United States congressional delegations from Connecticut
These are tables of congressional delegations from Connecticut to the United States House of Representatives and the United States Senate. List of members of the United States House of Representatives from Connecticut, their terms in office, district boundaries, the district political ratings according to the CPVI; the delegation has five members. Tables showing membership in the Connecticut federal House delegation throughout history of statehood in the United States. Starting in 1837, Connecticut adopted districts instead. Tables showing membership in the Connecticut federal Senate delegation throughout history of statehood in the United States; as of April 2015, there are three former U. S. Senators from the U. S. State of Connecticut who are living at this time, two from Class 1 and one from Class 3. List of United States congressional districts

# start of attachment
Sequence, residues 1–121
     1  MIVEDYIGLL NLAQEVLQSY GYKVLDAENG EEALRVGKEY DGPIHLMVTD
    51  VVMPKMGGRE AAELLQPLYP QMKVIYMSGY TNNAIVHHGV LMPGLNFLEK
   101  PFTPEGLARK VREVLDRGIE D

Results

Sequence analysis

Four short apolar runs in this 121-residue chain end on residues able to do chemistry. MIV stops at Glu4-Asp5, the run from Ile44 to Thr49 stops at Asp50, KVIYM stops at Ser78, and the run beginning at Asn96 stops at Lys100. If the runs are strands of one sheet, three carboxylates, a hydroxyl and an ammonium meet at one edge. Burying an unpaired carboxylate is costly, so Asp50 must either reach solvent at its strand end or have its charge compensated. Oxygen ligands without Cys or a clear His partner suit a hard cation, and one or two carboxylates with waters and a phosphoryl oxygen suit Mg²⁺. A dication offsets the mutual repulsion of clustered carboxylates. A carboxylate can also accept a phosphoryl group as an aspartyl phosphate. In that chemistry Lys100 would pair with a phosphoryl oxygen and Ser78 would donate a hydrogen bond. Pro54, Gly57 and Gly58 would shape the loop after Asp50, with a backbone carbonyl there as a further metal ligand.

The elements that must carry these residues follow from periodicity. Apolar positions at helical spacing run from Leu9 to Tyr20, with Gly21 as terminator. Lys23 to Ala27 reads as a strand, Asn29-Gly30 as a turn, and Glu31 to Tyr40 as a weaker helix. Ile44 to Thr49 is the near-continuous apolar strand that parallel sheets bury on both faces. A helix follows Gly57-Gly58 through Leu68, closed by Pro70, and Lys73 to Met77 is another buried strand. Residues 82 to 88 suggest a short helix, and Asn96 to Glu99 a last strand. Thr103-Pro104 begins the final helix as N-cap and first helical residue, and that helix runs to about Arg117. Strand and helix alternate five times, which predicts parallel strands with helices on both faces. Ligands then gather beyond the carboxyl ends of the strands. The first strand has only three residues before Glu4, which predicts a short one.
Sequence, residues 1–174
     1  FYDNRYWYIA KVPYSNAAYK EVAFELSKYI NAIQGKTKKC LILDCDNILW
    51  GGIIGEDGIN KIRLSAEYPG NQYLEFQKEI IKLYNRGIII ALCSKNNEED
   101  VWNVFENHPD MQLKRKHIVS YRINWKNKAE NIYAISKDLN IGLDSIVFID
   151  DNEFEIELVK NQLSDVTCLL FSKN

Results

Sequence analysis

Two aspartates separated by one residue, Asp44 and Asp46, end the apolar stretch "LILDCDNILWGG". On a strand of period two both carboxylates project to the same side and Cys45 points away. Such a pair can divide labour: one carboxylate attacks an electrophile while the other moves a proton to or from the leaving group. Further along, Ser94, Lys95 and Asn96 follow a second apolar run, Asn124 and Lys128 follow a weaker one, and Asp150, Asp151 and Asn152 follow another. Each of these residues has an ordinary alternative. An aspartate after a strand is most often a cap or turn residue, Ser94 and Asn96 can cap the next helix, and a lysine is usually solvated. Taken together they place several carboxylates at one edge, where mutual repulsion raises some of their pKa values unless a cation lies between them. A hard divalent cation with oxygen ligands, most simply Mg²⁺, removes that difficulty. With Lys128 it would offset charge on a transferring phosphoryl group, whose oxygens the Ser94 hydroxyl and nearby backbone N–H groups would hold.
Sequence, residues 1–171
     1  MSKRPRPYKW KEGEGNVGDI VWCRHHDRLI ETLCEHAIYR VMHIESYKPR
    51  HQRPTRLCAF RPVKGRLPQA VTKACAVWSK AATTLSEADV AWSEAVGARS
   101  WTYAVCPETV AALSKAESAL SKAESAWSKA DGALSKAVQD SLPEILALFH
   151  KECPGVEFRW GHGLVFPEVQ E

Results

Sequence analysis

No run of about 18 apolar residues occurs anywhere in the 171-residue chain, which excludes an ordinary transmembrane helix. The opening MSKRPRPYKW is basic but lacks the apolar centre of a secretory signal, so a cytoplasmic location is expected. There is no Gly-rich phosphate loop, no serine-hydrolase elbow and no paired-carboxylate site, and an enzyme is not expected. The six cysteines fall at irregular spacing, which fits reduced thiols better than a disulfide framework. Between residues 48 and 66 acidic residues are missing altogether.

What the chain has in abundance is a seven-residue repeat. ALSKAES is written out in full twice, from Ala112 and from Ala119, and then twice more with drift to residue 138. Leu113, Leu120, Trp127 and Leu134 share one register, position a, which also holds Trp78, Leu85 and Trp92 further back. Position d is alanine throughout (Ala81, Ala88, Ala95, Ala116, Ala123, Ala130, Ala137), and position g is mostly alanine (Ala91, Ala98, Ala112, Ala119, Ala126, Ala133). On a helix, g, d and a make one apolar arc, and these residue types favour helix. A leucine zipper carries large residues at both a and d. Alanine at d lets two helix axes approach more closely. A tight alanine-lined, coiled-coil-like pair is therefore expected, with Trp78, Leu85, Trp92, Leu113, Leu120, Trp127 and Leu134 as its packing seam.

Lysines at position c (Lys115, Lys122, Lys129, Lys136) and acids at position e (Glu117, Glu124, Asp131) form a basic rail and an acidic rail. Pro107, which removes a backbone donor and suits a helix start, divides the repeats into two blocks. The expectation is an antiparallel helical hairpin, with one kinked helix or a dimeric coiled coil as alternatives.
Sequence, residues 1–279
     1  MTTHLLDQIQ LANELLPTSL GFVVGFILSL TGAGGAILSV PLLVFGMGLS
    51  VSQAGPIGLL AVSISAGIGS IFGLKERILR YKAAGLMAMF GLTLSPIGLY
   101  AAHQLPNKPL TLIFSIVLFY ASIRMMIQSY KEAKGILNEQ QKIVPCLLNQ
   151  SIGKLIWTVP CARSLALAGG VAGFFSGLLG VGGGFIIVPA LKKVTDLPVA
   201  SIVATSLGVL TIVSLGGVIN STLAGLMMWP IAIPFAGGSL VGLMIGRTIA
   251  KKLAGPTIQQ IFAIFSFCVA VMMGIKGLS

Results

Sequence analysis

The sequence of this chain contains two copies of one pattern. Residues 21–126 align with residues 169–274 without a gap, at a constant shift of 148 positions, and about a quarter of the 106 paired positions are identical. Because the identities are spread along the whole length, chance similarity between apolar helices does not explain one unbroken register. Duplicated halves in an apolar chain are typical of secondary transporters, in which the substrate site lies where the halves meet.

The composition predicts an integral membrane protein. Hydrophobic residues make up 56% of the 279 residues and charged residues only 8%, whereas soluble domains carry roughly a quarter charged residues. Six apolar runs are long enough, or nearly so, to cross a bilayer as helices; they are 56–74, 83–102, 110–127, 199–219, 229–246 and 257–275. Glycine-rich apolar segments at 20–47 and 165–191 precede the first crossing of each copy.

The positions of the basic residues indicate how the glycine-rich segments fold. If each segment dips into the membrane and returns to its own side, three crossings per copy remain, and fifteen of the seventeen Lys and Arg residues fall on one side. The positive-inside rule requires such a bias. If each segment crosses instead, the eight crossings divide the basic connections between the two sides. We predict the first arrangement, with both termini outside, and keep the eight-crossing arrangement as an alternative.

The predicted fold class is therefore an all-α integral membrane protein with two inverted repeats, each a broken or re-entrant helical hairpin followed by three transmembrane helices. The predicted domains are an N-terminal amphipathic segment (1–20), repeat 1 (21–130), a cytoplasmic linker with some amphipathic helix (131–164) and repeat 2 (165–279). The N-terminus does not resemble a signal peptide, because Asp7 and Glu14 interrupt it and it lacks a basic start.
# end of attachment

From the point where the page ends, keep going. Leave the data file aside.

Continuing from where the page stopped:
Alexandra Anna Daddario is an American actress. She is known for playing Annabeth Chase in the Percy Jackson film series, Blake Gaines in San Andreas, Summer Quinn in Baywatch, Avery Martin in When We First Met, she has starred in the films Texas Chainsaw 3D and Hall Pass, has guest starred in television series such as White Collar, It's Always Sunny in Philadelphia, True Detective, New Girl, American Horror Story: Hotel. Alexandra Anna Daddario was born in New York City on March 16, 1986, the eldest child of Christina, a lawyer, Richard Daddario, a prosecutor and former head of the New York City Police Department counter-terrorism unit under Mayor Michael Bloomberg, she is of Czech, Hungarian and Italian descent. Her brother, Matthew Daddario, is an actor, she has a sister named Catharine, her paternal grandfather was Emilio Q. Daddario, a Democratic member of the U. S. House of Representatives for Connecticut from 1959 to 1971. Daddario was raised on Manhattan's Upper East Side, she attended Brearley School as well as the Professional Children's School.